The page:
Opening Prayer

Lord God, the shepherd of my life, let me remain in you today; living out your will and conforming to your ways.

Read 1 SAMUEL 25:1-22

David, Nabal and Abigail

25 Now Samuel died, and all Israel assembled and mourned for him; and they buried him at his home in Ramah. Then David moved down into the Desert of Paran.[a]

A certain man in Maon, who had property there at Carmel, was very wealthy. He had a thousand goats and three thousand sheep, which he was shearing in Carmel. His name was Nabal and his wife’s name was Abigail. She was an intelligent and beautiful woman, but her husband was surly and mean in his dealings—he was a Calebite.

While David was in the wilderness, he heard that Nabal was shearing sheep. So he sent ten young men and said to them, “Go up to Nabal at Carmel and greet him in my name. Say to him: ‘Long life to you! Good health to you and your household! And good health to all that is yours!

“‘Now I hear that it is sheep-shearing time. When your shepherds were with us, we did not mistreat them, and the whole time they were at Carmel nothing of theirs was missing. Ask your own servants and they will tell you. Therefore be favorable toward my men, since we come at a festive time. Please give your servants and your son David whatever you can find for them.’”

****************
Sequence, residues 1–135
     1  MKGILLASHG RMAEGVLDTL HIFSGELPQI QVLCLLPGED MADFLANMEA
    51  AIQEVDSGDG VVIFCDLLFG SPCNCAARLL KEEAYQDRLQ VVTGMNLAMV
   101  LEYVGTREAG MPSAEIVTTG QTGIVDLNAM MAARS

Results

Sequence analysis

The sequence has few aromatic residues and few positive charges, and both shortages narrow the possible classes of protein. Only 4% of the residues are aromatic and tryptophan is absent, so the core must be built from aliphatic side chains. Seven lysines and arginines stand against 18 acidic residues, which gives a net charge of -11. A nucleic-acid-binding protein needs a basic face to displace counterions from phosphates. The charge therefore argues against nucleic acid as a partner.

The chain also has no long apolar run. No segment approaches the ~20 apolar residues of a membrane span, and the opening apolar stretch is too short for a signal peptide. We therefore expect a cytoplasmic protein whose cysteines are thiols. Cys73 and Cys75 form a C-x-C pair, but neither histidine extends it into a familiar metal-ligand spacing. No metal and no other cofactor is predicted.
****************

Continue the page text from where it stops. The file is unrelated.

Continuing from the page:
When David’s men arrived, they gave Nabal this message in David’s name. Then they waited.

10 Nabal answered David’s servants, “Who is this David? Who is this son of Jesse? Many servants are breaking away from their masters these days. 11 Why should I take my bread and water, and the meat I have slaughtered for my shearers, and give it to men coming from who knows where?”

12 David’s men turned around and went back. When they arrived, they reported every word. 13 David said to his men, “Each of you strap on your sword!” So they did, and David strapped his on as well. About four hundred men went up with David, while two hundred stayed with the supplies.

14 One of the servants told Abigail, Nabal’s wife, “David sent messengers from the wilderness to give our master his greetings, but he hurled insults at them. 15 Yet these men were very good to us. They did not mistreat us, and the whole time we were out in the fields near them nothing was missing. 16 Night and day they were a wall around us the whole time we were herding our sheep near them. 17 Now think it over and see what you can do, because disaster is hanging over our master and his whole household. He is such a wicked man that no one can talk to him.”

18 Abigail acted quickly. She took two hundred loaves of bread, two skins of wine, five dressed sheep, five seahs[b] of roasted grain, a hundred cakes of raisins and two hundred cakes of pressed figs, and loaded them on donkeys. 19 Then she told her servants, “Go on ahead; I’ll follow you.” But she did not tell her husband Nabal.

20 As she came riding her donkey into a mountain ravine, there were David and his men descending toward her, and she met them. 21 David had just said, “It’s been useless—all my watching over this fellow’s property in the wilderness so that nothing of his was missing. He has paid me back evil for good. 22 May God deal with David,[c] be it ever so severely, if by morning I leave alive one male of all who belong to him!”